[EM] Scott--BeatpathWinner & CSSD

MIKE OSSIPOFF nkklrp at hotmail.com
Thu Jun 2 21:55:23 PDT 2005

On Thu, 2005-06-02 at 05:40 +0000, MIKE OSSIPOFF wrote:
>BeatpathWinner and CSSD, though they're equivalent, are completely
>different algorithms

You replied:


I reply:

BeatpathfWinner and CSSD are two different count rules, implemented via 
different algorithms.

But they always give the same results as eachother, so they're said to be 

Let me define them here:

First of all, the preliminary definitions that I posted a few days ago for 
wv methods apply here. CSSD, SSD, and BeatpathWinner can be considered to be 
circular tiebreakers, as referred to in those preliminary definitions.

CSSD uses the Schwartz set:

Schwartz set:

1. An unbeaten set is a set of candidates none of whom are beaten by anyone 
outside that set.

2. An innremost unbeaten set is an unbeaten set that doesn't contain a 
smaller unbeaten set.

3. The Schwartz set is the set of candidates who are in innermost unbeaten 

[end of Schwartz set definition]

Cloneproof Schwartz Sequential Dropping (CSSD):

The "current Schwartz set" is the Schwartz set based only on undropped 

1. Determine which candidates are in the current Schwartz set.

2. If there are no defeats among those candidates, then they win and the 
count ends.

3. Otherwise, drop the weakest defeat among those candidates. Go to 1.

[end of CSSD definition]

Before I get to BeatpathWinner, let me define SSD, which is similar to CSSD, 
but more proposable, because it stops when there's an unbeaten candidate, a 
more natural stopping rule:

1. If one or more candidates are not beaten, they win and the count ends.

2. Otherwise, determine which candidates are in the current Schwartz set.

3. Drop the weakest defeat among those candidates. Go to 1.

[end of SSD definition]


1. There is a beatpath from X to Y if either X beats Y, or if X beats 
someone who has a beatpath to Y.

2. A beatpath from X to Y is a sequence of defeats that makes it possible to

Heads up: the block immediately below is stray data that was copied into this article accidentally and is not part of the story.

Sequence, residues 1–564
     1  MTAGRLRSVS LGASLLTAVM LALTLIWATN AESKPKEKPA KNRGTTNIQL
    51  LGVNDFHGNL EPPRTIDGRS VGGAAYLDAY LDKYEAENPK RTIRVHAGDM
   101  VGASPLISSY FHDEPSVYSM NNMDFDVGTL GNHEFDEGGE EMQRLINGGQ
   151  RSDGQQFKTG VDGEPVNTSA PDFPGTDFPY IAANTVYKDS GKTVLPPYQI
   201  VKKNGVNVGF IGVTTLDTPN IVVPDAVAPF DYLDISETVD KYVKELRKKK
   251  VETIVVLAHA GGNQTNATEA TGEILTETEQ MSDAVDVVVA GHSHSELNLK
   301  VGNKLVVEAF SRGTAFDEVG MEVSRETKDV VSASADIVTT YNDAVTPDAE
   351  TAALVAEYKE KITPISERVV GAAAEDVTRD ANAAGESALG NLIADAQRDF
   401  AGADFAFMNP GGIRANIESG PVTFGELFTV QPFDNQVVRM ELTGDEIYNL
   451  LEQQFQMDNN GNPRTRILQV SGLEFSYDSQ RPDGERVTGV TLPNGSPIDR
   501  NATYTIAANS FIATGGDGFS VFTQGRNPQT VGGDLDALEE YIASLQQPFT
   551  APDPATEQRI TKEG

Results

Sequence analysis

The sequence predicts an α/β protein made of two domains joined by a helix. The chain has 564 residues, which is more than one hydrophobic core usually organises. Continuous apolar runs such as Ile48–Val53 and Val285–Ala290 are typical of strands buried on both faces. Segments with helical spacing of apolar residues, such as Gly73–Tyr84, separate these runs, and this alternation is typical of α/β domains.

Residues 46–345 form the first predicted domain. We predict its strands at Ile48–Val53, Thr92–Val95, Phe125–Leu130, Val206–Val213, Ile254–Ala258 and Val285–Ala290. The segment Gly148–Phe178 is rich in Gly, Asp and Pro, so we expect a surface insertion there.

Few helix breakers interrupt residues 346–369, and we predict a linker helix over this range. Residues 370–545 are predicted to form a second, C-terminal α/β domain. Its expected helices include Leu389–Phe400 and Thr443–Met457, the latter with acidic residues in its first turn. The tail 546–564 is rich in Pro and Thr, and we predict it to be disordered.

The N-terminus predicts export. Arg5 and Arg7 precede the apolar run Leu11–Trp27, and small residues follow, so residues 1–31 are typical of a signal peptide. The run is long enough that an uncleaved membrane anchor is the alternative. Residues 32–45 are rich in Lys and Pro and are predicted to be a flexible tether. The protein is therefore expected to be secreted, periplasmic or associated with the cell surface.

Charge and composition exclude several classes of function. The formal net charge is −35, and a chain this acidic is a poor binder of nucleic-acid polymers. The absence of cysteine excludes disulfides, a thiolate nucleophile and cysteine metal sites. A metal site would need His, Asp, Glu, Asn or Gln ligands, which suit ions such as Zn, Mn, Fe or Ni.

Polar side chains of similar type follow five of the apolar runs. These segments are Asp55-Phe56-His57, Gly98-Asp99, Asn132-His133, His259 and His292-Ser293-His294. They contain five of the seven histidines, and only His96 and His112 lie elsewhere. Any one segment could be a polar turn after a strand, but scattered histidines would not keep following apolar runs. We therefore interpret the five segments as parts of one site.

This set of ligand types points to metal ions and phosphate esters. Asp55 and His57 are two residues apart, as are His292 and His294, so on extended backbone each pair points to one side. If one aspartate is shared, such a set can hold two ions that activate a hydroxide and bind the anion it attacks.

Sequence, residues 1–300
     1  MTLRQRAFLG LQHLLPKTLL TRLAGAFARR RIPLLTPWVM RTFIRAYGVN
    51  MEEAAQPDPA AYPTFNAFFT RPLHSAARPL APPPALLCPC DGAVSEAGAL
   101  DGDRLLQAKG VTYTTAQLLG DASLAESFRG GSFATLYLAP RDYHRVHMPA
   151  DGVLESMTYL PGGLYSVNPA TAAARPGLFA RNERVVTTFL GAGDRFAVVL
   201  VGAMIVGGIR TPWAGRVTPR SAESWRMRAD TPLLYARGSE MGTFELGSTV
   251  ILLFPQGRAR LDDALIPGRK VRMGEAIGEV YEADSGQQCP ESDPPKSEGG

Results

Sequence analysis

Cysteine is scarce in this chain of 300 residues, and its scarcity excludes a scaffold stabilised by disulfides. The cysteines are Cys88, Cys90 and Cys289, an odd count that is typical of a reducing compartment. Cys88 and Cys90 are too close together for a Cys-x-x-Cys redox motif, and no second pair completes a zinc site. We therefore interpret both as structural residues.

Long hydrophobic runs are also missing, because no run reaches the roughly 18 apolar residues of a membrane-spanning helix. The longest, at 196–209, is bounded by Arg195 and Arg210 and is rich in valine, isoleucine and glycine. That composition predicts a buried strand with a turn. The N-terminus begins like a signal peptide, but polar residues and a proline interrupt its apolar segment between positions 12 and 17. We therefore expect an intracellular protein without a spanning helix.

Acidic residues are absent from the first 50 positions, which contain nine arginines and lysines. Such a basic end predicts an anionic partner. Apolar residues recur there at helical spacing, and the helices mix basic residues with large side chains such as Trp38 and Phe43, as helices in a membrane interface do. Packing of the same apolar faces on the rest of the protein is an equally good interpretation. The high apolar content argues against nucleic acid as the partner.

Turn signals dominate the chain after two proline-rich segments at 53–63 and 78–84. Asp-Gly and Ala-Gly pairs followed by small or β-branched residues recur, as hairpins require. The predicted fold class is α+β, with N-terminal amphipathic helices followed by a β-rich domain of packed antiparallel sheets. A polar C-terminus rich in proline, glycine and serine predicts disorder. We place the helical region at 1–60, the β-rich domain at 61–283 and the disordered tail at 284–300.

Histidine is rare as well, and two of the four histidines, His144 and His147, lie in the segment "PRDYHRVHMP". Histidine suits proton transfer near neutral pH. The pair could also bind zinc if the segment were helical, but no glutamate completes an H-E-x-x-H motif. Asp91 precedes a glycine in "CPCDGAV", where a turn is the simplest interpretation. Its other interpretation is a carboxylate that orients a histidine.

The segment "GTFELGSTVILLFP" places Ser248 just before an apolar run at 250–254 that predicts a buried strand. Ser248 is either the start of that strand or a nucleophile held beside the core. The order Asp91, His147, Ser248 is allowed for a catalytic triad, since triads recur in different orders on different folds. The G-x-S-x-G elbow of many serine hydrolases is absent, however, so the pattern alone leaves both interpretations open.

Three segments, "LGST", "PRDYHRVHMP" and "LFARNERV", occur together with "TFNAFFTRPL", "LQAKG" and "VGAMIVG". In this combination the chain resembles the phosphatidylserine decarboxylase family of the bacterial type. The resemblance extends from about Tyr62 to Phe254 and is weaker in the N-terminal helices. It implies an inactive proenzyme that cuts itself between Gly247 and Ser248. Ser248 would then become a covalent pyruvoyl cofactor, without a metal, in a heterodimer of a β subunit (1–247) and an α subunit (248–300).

truly say that there is a beatpath from X to Y.

3. The strength of a beatpath is defined as the strength of its weakest 

4. If the strongest beatpath from X to Y is stronger thana the strongest 
beatpath from Y to X, then X has a beatpath win against Y.

5. A candidate wins if no other candidate has a beatpath win against 

[end of BeatpathWinner definition]

As I said, BeatpathWinner and CSSD always give the same result as eachother, 
and so they're said to be equivalent.

The BeatpathWinner algorithm is much simpler and briefer, but the CSSD 
algorithm seems more naturally and obviously motivated and justified.

I often refer to BeatpathWinner and CSSD as one method, by calling it 
BeatpathWinner/CSSD. I've been recommending it for committees, 
organizations, and meetings.

I've been recommending SSD for public elections. In public elections, where 
there are no pairwise ties, SSD and CSSD give the same results. In small 
committees, SSD isn't clone-independent, and CSSD is. But in public 
elections they both are.

For public proposals, SSD is my favorite of the best wv methods, because its 
definition doesn't refer to cycles or beatpaths, directly or indirectly. 
There has been good reason to believe that that makes SSD more acceptable to 

More recently I"ve heard tha MMPO meets FBC (with AERLO, it meets Strong 
FBC). Also, MMPO is much briefer and simpler to define and propose, because 
it doesn't need the list of preliminary definitions that the wv methods 
need. So MMPO has become my favorite public proposal.

I hadn't considered whether MMPO is a better proposal for committees, 
organizations and meetings too, but it probably is. Especially since the 
most valuable thing about electoral reform in committees, organizations and 
meetings is that it provides experience and precedent for public proposals.

Mike Ossipoff

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